Ginger has been used to alleviate nausea for thousands of years, but most ginger ales contain very little, if any, real ginger. Regarding the carbonation, the bubbles can create a calming effect in your system—unless you have bloating and gas. And while ginger ale can help you hydrate, its sugar content often offsets any of its potential benefits. Rather than rely on a beverage to ease your gastrointestinal ailments, visit a Baylor St. Luke’s Medical Group primary care physician to get to the bottom of the issue.

Ill advice #55

Grapefruit for breakfast makes you lose weight.

Unmask the Truth

Contrary to what you may have heard, grapefruit does not burn fat. While grapefruit is low in calories and has a water content that may leave you feeling fuller, healthy weight loss involves maintaining a nutrient-dense, low-calorie diet and proper physical activity. Grapefruit can be a great addition to your diet, but keep in mind that it can interfere with how your body metabolizes certain medications, including those for high blood pressure, high cholesterol, thyroid disease, a cough, and heartburn. Visit a Baylor St. Luke’s Medical Group primary care physician to discuss a personalized nutrition and weight-loss plan based on your needs.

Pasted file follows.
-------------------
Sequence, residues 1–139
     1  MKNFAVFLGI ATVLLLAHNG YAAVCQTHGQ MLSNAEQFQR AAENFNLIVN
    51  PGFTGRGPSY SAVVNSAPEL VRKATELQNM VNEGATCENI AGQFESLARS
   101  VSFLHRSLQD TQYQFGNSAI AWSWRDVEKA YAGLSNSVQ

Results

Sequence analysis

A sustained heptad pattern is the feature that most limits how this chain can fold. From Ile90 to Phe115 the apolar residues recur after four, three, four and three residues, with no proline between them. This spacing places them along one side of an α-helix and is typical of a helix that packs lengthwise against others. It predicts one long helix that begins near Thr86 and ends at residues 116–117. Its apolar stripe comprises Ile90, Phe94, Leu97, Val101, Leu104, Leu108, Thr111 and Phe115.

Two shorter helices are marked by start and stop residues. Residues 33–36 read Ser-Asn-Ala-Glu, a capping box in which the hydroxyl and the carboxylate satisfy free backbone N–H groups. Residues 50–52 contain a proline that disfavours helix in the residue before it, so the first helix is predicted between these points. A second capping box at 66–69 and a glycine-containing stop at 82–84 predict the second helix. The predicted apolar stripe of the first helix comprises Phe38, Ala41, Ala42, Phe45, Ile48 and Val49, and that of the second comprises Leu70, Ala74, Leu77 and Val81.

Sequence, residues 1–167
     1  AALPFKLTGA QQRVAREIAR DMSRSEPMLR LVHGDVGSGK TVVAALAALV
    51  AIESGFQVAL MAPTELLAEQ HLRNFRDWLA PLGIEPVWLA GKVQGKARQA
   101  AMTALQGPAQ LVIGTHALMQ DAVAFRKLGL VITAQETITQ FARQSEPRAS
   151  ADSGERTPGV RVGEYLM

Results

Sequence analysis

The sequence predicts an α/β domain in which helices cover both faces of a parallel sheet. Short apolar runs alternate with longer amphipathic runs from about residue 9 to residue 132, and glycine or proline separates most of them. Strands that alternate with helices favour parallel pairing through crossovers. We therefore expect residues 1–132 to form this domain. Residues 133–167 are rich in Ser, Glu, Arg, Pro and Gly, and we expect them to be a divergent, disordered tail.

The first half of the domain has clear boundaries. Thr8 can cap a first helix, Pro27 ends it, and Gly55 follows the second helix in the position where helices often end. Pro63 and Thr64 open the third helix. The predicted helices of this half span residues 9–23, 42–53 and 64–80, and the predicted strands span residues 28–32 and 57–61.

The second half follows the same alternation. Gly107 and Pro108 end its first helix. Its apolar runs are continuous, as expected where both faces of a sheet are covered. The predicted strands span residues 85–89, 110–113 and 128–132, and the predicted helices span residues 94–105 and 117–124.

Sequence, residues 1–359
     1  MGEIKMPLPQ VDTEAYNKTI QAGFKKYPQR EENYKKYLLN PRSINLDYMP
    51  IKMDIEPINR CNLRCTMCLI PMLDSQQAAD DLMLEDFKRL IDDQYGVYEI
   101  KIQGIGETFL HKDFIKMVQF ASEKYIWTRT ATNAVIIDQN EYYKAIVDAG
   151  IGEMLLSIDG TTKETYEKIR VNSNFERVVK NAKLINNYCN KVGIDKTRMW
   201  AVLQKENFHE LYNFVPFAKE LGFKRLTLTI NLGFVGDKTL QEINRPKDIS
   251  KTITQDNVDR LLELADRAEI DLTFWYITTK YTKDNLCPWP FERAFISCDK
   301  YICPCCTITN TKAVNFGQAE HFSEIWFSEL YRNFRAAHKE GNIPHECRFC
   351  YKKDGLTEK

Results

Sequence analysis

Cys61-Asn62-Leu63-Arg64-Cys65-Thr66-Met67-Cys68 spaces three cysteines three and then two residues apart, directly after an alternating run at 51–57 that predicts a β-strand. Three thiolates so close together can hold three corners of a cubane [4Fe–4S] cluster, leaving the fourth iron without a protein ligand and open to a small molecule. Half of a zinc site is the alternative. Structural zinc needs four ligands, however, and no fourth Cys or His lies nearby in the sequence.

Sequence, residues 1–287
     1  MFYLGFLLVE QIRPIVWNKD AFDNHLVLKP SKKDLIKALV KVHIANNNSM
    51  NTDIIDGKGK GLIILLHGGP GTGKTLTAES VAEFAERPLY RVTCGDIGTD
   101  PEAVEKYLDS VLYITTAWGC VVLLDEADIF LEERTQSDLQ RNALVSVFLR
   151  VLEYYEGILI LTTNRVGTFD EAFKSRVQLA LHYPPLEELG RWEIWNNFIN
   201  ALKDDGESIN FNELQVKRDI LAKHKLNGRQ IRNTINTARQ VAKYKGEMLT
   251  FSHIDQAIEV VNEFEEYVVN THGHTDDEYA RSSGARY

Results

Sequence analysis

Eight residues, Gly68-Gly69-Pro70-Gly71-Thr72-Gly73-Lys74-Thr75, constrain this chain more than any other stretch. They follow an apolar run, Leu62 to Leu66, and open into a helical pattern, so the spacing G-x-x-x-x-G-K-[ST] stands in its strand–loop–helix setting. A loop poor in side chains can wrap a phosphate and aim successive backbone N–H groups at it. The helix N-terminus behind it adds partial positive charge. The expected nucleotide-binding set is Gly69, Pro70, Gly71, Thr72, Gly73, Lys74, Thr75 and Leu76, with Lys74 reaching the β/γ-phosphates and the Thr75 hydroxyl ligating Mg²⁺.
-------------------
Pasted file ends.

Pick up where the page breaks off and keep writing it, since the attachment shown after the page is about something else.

Ill advice #25

Marshmallows cure sore throats.

Unmask the Truth

Sap from marshmallow plants—yes, there is a marshmallow plant—has been used for hundreds of years to soothe sore throats. However, there is no scientific evidence that its properties actually help. Furthermore, the marshmallows we roast around campfires nowadays rarely contain any marshmallow sap. Some people do claim that the gelatin in marshmallows provides an alleviating throat coating, but there are better ways to treat sore throats. Make an appointment with a Baylor St. Luke’s Medical Group primary care physician to get the relief you need.

Ill advice #61

Feed a cold, starve a fever.

Unmask the Truth

Beginning back in the 1500s, many believed if the body was using its energy to digest foods, it wouldn’t have enough to fend off fevers. They also believed that decreases in body temperature caused colds, which they thought eating could fix. In actuality, your body needs energy from nutritious foods to recover from both fevers and colds. It’s also important to drink plenty of fluids to prevent dehydration. Schedule a same-day or next-day appointment with a Baylor St. Luke’s Medical Group primary care physician for a better treatment plan next time you have a cold or fever.